Mixed with water, the chocolate milkshake flavour is still relatively strong - but adding milk will give you an amazing creamy taste. It has a slightly higher sugar and fat content than some of the other lean wheys on our list, but hardly enough to be concerned about.
It's also perfect for athletes as it's part of Musashi's Informed Sport range, meaning every batch is individually tested to ensure there's nothing untoward in there.
Packed with 23g of protein per serving, this high-quality blend is sourced from dairy cows, so it's all-natural nutrition. At just 103 calories per serve, it's a great weight loss protein shake while helping to grow and maintain muscle.
One of the perks of My Protein is their huge flavour range. Depending on availability, you can choose from as many as 40 flavours – and some of them you won't find with any other supplement on the market.
Coming in at around AU$40 per kilo, it's reasonably priced for such top quality ingredients.
If you're not willing to fork out for some of the more expensive options above, Pure Product's WPI is a great alternative.
The Aussie manufacturer has packed 30g of protein into one serve, with hardly any fat or sugar. It's naturally high in BCAAs and glutamine, which help with muscle recovery and can support a strong immune system.
At just over AU$30 per kilo, you've got eight flavours to choose from. Not only is it cheap and offers solid nutritional value, you'll be supporting Australian manufacturing.
Unfortunately, it doesn't mix all that well in a shaker, particularly if you're going for more than one scoop at a time (which you'll need to boost the flavour alone). But if you blend your protein shakes, you'll have no issue.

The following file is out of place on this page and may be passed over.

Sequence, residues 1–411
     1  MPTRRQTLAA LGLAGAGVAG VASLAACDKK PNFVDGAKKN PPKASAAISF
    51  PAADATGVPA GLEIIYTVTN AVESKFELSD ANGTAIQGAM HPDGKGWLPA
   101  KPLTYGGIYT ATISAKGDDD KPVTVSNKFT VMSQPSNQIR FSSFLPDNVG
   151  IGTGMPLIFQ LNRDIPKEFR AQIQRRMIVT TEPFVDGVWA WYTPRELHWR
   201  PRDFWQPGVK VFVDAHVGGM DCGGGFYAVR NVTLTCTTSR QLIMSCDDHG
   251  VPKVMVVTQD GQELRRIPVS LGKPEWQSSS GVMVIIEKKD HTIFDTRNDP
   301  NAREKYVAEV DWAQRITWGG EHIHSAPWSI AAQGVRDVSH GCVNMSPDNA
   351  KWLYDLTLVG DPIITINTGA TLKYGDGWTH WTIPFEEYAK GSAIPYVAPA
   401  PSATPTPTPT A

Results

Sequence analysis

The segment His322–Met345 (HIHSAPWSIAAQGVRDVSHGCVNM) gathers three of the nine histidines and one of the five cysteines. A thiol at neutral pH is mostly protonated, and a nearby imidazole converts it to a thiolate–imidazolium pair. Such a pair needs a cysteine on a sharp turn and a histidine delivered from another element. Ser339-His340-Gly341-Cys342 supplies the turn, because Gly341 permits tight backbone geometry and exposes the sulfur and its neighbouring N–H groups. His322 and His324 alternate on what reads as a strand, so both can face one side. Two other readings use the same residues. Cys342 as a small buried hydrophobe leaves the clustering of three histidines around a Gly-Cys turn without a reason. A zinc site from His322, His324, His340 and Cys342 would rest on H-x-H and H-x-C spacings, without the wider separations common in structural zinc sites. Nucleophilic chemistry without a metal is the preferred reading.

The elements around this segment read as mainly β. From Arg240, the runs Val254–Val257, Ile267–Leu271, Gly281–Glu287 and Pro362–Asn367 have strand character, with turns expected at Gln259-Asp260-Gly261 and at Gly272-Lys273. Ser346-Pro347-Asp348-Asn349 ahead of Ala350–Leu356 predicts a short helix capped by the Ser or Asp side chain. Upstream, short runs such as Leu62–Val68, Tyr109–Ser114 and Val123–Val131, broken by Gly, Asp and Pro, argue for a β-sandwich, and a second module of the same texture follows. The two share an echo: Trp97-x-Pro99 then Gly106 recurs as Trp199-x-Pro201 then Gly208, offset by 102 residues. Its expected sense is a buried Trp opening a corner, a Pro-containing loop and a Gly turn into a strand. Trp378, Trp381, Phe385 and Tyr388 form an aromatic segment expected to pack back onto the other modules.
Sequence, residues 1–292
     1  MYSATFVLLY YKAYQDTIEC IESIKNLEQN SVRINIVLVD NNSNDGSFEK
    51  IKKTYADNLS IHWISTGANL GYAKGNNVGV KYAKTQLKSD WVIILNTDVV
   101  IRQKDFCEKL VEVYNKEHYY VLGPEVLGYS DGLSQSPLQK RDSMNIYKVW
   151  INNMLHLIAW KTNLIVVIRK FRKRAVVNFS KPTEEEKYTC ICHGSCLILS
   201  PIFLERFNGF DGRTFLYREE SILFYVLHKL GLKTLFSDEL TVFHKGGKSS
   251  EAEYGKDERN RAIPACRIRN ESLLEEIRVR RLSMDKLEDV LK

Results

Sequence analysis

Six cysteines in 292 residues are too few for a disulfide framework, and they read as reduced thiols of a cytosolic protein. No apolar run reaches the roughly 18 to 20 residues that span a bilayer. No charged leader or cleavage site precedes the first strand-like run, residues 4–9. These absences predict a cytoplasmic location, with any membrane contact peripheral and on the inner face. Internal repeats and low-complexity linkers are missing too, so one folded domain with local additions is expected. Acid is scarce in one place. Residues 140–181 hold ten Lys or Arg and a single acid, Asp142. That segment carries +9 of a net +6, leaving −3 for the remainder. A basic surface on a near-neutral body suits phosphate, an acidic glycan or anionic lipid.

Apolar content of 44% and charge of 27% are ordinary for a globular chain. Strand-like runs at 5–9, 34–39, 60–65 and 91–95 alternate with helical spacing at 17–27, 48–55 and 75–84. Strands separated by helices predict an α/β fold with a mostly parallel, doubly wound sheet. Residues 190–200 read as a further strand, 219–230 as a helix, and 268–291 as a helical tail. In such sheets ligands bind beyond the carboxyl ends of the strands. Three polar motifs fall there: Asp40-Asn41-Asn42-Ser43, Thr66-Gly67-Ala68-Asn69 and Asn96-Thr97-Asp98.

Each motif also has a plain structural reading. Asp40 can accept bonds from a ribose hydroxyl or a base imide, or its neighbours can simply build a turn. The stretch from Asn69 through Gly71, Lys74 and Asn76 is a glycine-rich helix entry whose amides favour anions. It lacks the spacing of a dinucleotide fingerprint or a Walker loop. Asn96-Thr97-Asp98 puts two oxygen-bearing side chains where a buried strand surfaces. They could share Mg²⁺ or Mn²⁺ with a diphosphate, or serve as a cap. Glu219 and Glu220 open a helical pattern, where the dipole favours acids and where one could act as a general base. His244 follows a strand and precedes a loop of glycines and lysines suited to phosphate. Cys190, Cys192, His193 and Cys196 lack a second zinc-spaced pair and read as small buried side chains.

Best vegan protein powders
The My Protein Vegan Protein Blend is crazy low on carbs – only 0.5 gram per serving – and has no sugar in it, at all. Like, zero amount. If you are looking for a clean protein powder, whether whey or vegan, the My Protein Vegan Protein Blend won't disappoint.
The Vegan Protein Blend is a blend of pea and fava bean protein isolates, in case you were wondering. It comes in two flavours, your everyday strawberry and the more adventurous chilli chocolate.
Not to mention, the My Protein Vegan Protein Blend only contains 426 Kilojoules per serving, but still packs 5 grams of naturally occurring BCAAs. Not bad at all.
Bulk Nutrients offers a very affordable vegan blend, priced at AU$33 per kilo. And as the name suggests, is even cheaper when you buy in bulk. You'll save as much as AU$7.80 per kilo if you grab a massive 10kg supply – but make sure you like it first.
Earth Protein is a mixture of both brown rice and pea protein, giving you a higher nutrient profile. It also makes the blend slightly smoother, with the brown rice taking the edge off the pea texture.
You'll get a minimum of 2g of protein per serve, and no more than 2g of fat and sugar, depending on your flavour of choice.
There's a few decent flavours on offer, but choose wisely as they have slightly different nutritional makeups. If you're looking for the most protein per serve, go for the vanilla. If you want the least fat and sugar content, pick salted caramel or choc honeycomb.
With 30g of protein and 6g of BCAAs, the Vega Sport Protein Powder competes with some of the leading whey products in terms of a complete sports recovery supplement. It also includes tart cherry extract, which has been linked to a decrease in post-workout recovery time, making it a favourite for vegan athletes.
Despite a strong blend of pea, pumpkin, organic sunflower seed, and alfalfa proteins, it's surprisingly smooth and mixes quite well with water. You've got the choice of four flavours in Berry, Chocolate, Mocha and Vanilla.
It does, however, sit on the high end of the cost spectrum, coming it at over AU$50 per kilo with some retailers. As it's also not stocked with a lot of mainstream Aussie retailers, Amazon will likely be your best bet – so be prepared to pay a bit for international shipping from the US.